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I'm Starved for You (Kindle Single) (Positron Book 1) Kindle Edition

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Length: 46 pages Enhanced Typesetting: Enabled
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Amazon.com Review

You'd be hard-pressed to find anyone more skilled at writing speculative fiction than Margaret Atwood, and she reigns supreme yet again with the provocative Kindle Single, I'm Starved for You. This dystopian fantasy takes you inside a social experiment called "Consilience," a preemptive strike against the chaos that will surely ensue if America's forty-percent unemployment rate remains unchecked. But how to come up with all those jobs? Simple: volunteer to go to prison. And don't fret if penitentiary orange is not your color. You will alternate between being a prisoner and being a prison employee, which means full-time employment for all, and ultimately "a future that will be more secure, more prosperous, and just all-round better because of [you]." That's right, you'll be a hero! But heroes are human too, and it's amazing how quickly controlled environments can get out of control when you add little things like lust to the mix. Atwood offers a saucy, sinister, and savvy social critique that, among other things, highlights the dangers of not listening to the voice in your head that says: This is "mealy-mouthed b.s."--Erin Kodicek

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Product Details

  • File Size: 197 KB
  • Print Length: 46 pages
  • Publisher: Byliner Inc. (March 7, 2012)
  • Publication Date: March 7, 2012
  • Language: English
  • ASIN: B007HD4YYG
  • Text-to-Speech: Enabled
  • X-Ray:
  • Word Wise: Not Enabled
  • Lending: Not Enabled
  • Enhanced Typesetting: Enabled
  • Amazon Best Sellers Rank: #266,577 Paid in Kindle Store (See Top 100 Paid in Kindle Store)
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More About the Author

MARGARET ATWOOD, whose work has been published in over thirty-five countries, is the author of more than forty books of fiction, poetry, and critical essays. In addition to The Handmaid's Tale, her novels include Cat's Eye, shortlisted for the Booker Prize; Alias Grace, which won the Giller Prize in Canada and the Premio Mondello in Italy; The Blind Assassin, winner of the 2000 Booker Prize; and her most recent, Oryx and Crake, shortlisted for the 2003 Booker Prize. She lives in Toronto with writer Graeme Gibson.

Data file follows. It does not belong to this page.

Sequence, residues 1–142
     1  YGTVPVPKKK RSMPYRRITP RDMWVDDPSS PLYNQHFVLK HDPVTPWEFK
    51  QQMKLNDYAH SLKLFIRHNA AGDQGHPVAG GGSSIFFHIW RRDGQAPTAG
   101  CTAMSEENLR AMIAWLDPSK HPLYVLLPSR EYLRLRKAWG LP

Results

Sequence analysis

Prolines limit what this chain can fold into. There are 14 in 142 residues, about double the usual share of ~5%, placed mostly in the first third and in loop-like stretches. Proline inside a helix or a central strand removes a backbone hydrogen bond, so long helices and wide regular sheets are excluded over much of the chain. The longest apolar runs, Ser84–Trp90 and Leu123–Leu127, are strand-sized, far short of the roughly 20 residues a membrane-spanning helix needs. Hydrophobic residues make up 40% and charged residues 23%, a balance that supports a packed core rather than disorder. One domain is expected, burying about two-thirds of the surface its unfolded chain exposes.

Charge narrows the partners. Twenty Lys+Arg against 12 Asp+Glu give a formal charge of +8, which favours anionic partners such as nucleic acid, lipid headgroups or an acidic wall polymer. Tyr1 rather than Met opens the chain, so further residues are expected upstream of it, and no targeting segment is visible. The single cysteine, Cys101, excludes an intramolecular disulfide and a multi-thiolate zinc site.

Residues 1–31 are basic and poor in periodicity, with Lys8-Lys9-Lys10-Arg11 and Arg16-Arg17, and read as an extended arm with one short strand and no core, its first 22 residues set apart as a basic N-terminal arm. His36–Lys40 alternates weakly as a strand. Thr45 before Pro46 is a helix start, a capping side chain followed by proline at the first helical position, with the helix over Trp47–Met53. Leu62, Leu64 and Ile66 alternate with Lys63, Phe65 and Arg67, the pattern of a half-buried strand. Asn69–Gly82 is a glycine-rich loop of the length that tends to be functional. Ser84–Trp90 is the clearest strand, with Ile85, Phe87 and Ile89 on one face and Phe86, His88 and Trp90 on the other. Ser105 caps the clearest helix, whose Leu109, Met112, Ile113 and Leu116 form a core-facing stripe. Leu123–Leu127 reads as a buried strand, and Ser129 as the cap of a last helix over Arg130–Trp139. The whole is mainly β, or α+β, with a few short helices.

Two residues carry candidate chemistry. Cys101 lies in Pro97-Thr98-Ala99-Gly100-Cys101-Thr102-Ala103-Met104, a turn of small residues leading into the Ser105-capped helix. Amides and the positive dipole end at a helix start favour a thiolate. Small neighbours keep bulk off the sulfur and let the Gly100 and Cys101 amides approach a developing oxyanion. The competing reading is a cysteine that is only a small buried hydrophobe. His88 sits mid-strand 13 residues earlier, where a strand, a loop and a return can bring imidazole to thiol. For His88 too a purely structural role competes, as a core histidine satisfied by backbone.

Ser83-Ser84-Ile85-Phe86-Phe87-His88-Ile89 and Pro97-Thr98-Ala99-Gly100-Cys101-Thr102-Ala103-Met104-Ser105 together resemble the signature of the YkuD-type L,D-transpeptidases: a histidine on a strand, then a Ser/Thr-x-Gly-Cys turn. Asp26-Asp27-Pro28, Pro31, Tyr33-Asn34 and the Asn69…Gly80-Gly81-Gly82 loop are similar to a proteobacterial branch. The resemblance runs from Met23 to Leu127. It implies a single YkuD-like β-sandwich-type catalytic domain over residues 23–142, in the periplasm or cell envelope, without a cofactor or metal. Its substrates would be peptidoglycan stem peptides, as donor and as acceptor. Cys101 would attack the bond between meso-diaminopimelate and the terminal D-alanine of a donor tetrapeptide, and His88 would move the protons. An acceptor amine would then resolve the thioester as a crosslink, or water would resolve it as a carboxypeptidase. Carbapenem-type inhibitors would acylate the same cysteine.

Customer Reviews

Most Helpful Customer Reviews

16 of 17 people found the following review helpful By tessa O. on March 8, 2012
Format: Kindle Edition Verified Purchase
This has all of the ingredients that made me fall in love with Margaret Atwood way back with The Handmaid's Tale. It's creepy, richly imaginative, and buzzing with erotic tension. The Orwellian future has never been so provocative. Cue the Barry White and surveillance cameras!
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12 of 12 people found the following review helpful By GrnDayMom on March 8, 2012
Format: Kindle Edition
Very interesting and makes you think. Could this be our future? It is easy to imagine how it could be. My only complaint was that I didn't want it to end. I was so involved with the story, I wasn't paying attention to my Kindle and how far into it I was...and the ending caught me off guard. I wanted more!
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7 of 7 people found the following review helpful By Shannon Esposito (Author of the Pet Psychic Mysteries) on March 8, 2012
Format: Kindle Edition Verified Purchase
Once again, Margaret Atwood proves herself the mistress of dystopian fiction in this short novella. There is a particular scene that is handled in such a cool, offhanded way (by the character) that I had to stop reading and just think about the horror of it and wonder, "could this happen?" and then in shock, answer, "yes." This little tale is a must read to hold over Atwood fans between novels!
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4 of 4 people found the following review helpful By Alice on October 31, 2012
Format: Kindle Edition Verified Purchase
This is the first of Margaret Atwood's Positron series, a Kindle Singles release available exclusively for Kindle users. I'd gone in with the assumption it was a stand-alone story, but I was happily mistaken. Happily, because I'd love to know what happens next, and I'm not ready to say goodbye to these characters yet.